John Thomas was born on July 14, 1925 in New Kingston, Pennsylvania. His father, John Bowman Thomas, Sr. was a school teacher. His mother Lenna was a beautiful woman as shown in the photo below. John was an exceptionally gifted child. He started school at age 6, skipping two or three grades, finished his elementary and middle school education at age 10 in 1936, and graduated from Eichelberger High School at age 15 in 1940.

Then he went to Gettysburg College, PA, where he received B.A. degree in June 1944, while he was still 18.

John was married to Eleanor W. Graefe (see the above photos), a lovely girl from Baltimore, MD, on June 8, 1944. But in just two months, August 14, 1944, John was drafted into the US Army in the midst of WWII. From December 1944-December 1945, he attended the University of Maine under Army ASTP (Army Specialized Training Program). In April 1946 he was discharged from the Army at Fort Leavenworth, Kansas. He hitch-hiked from Kansas to Pennsylvania, where he picked up his car and joined Eleanor in Baltimore, MD.

Shown in the photo above are Lenna (John’s mother), Sharon (1st daughter), John, and Lenna’s parents (i.e., John’s grandparents) Henrietta and Homer Sturms.

In 1946 he joined Koppers Company, Inc. in Baltimore, MD, as an Assistant Electrical Engineer, and was quickly promoted to Electrical Engineer in 1947 and to Assistant Chief Engineer in 1951. He attended the night school of The John Hopkins University while working for Koppers Co., and obtained his B.S.E. in Electrical Engineering in 1952.

He then moved himself, Eleanor and their three young children—Sharon (6 years old), Bronwyn (4) and Andrew (2) – to Stanford University to pursue his graduate studies.

Sharon recalls “We took a train and had a compartment where we slept. We arrived in California and I thought it was the most awful place in the world. It was September and everything was brown. We had come from Maryland, on a farm, surrounded by green fields and nearby woods. I’m afraid that I have never really liked California since that day! Some traumas, we never get over.”

John received his M.A. in 1953 and the Ph.D. in electrical engineering in 1955. At Stanford he received three Fellowships: the Sperry Fellowship (1952-53), the RCA Fellowship (1953-54) and the National Science Foundation Fellowship (1954-55). His doctoral dissertation under the guidance of Prof. Willis Harmon was entitled, “On the Statistical Design of Demodulation Systems for Signals in Additive Noise.”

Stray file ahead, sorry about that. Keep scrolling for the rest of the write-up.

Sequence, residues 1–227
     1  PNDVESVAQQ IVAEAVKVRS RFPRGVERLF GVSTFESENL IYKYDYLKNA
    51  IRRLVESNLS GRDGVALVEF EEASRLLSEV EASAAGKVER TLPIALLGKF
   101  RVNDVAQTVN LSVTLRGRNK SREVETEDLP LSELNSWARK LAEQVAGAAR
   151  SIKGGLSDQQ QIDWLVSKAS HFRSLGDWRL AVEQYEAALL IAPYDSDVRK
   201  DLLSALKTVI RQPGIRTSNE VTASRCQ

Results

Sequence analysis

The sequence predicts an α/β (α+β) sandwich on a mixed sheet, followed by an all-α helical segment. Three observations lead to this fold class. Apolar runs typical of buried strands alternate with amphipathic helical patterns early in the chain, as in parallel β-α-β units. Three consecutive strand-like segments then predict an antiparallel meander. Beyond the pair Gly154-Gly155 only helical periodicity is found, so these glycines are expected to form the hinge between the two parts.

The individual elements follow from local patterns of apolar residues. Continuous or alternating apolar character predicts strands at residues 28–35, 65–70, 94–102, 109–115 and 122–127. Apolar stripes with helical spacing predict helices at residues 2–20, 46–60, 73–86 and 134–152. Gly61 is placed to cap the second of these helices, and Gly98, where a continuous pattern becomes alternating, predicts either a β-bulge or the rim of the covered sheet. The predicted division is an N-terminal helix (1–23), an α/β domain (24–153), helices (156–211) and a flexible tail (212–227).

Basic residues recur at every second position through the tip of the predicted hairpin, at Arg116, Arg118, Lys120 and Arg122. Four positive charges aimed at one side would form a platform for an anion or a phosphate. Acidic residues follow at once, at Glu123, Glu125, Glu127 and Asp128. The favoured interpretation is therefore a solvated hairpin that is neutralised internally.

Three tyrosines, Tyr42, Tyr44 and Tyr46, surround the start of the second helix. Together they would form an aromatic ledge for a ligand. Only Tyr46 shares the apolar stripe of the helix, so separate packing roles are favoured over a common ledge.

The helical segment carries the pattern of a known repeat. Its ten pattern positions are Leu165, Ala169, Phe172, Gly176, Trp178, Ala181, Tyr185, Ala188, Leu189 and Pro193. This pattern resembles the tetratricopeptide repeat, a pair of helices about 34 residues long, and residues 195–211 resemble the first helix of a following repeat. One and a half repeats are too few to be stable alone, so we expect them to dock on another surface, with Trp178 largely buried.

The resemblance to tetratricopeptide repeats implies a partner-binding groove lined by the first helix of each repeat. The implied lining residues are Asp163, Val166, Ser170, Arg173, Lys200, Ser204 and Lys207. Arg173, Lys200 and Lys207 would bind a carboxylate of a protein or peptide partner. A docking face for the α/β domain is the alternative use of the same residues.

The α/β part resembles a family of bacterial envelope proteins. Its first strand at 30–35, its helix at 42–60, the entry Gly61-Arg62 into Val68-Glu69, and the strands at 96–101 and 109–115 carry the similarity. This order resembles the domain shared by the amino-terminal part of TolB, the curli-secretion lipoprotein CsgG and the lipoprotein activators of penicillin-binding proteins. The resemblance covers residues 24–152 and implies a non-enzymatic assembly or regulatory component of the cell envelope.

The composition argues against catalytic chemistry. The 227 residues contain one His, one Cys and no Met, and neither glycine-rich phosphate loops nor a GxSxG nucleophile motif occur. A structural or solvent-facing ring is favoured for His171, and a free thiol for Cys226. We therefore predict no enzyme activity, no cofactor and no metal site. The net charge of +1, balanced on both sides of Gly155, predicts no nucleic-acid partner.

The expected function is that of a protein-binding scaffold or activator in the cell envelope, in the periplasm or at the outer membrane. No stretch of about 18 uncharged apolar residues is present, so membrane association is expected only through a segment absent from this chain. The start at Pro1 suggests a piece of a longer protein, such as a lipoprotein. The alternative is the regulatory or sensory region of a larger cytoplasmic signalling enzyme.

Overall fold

Upon completion of his study at Stanford, the Thomas family moved back to the East Coast, where John joined the Princeton faculty in 1955 and began a long and distinguished teaching career. He was promoted to Associate Professor with tenure in 1959, and to Professor in 1962. He taught courses in electromagnetism and communication theory, and served as Student Advisor to the Princeton University student chapter of American Institute of Electrical Engineers, and the Institute of Radio Engineers. Since joining the Princeton faculty, he was a consultant to the Koppers Company and Ingersoll-Rand Company on problems of high voltage engineering, gas discharge and industrial electronics.

As a specialist in communication and information theory, he was interested in the optimization of communications, particularly in the processing of signals distorted by noise.

He taught at Princeton for 35 years until his retirement in 1990. He produced nearly 40 Ph.D. students (see the list of his Ph.D. advisees ).

He authored three highly influential textbooks on communication theory and applied probability:

An Introduction to Statistical Communication Theory (Wiley, 1969),

An Introduction to Applied Probability and Random Processes (Wiley, 1971), and

An Introduction to Communication Theory and Systems (Springer, 1986).

He was Editor of a series of volumes titled, “Benchmark papers in electrical engineering and computer science” published by Dowden, Hutchinson & Ross including volumes on Random Processes, Nonparametric Detection, Data Transmission and others.

He also published numerous research articles in the field of “signal detection and estimation theory” in scholarly and professional journals. His earlier publications include:

J. B. Thomas and T. R. Williams,“On the Detection of Signals in Nonstationary Noise by Product Arrays,” Journal of the Acoustic Society in America, 1959

J. B. Thomas and E. Wong, “On the Statistical Theory of Optimum Demodulation” the IRE Transactions on Information Theory, Sept. 1960;

J. B. Thomas and E. Wong, “The Distribution of Quadratic Functionals” Quarterly Journal of Applied Mathematics, 1961;

H. D. Helms and J. B. Thomas, “Truncation Error of Sampling-Theorem Expansions” Proceedings of the IRE, 1962;

J. Thomas and J. Wolf, “On the Statistical Detection Problem for Multiple Signals,” IRE Trans. Information Theory, 1962.

In 1965, Professor Thomas was elected to the rank of Fellow of IEEE (the Institute of Electrical and Electronics Engineer).

He was instrumental in establishing the ISS (Information Science and Systems) group in the Electrical Engineering Department at Princeton University, which has become a prominent group in the fields of communications, information theory and signal processing. The Conference on Information Sciences and Systems (CISS), which he started in 1966, together with the then Department Chairman Professor M. E. Van Valkenburg, has become a premier conference, and Princeton will host its 54th conference in March 2020.

Professor Thomas was a devoted teacher, especially to his graduate students, many of whom became professors at leading universities, while others took key positions at US government offices (DoD, NSF), or industrial labs on information technologies such as the Internet. Please see the list of his Ph.D. students in a separate file.